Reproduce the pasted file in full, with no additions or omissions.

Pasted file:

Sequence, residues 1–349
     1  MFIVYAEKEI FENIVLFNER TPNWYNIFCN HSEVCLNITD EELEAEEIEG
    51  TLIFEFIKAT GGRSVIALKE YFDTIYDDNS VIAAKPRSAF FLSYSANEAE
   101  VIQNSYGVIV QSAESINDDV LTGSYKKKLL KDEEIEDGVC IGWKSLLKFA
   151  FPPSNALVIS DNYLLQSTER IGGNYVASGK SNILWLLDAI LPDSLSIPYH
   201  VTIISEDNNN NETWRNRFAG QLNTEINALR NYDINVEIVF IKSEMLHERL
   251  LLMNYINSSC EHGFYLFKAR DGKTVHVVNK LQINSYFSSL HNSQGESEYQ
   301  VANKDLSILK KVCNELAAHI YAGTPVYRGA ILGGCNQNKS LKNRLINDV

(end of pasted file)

Sequence, residues 1–349
     1  MFIVYAEKEI FENIVLFNER TPNWYNIFCN HSEVCLNITD EELEAEEIEG
    51  TLIFEFIKAT GGRSVIALKE YFDTIYDDNS VIAAKPRSAF FLSYSANEAE
   101  VIQNSYGVIV QSAESINDDV LTGSYKKKLL KDEEIEDGVC IGWKSLLKFA
   151  FPPSNALVIS DNYLLQSTER IGGNYVASGK SNILWLLDAI LPDSLSIPYH
   201  VTIISEDNNN NETWRNRFAG QLNTEINALR NYDINVEIVF IKSEMLHERL
   251  LLMNYINSSC EHGFYLFKAR DGKTVHVVNK LQINSYFSSL HNSQGESEYQ
   301  VANKDLSILK KVCNELAAHI YAGTPVYRGA ILGGCNQNKS LKNRLINDV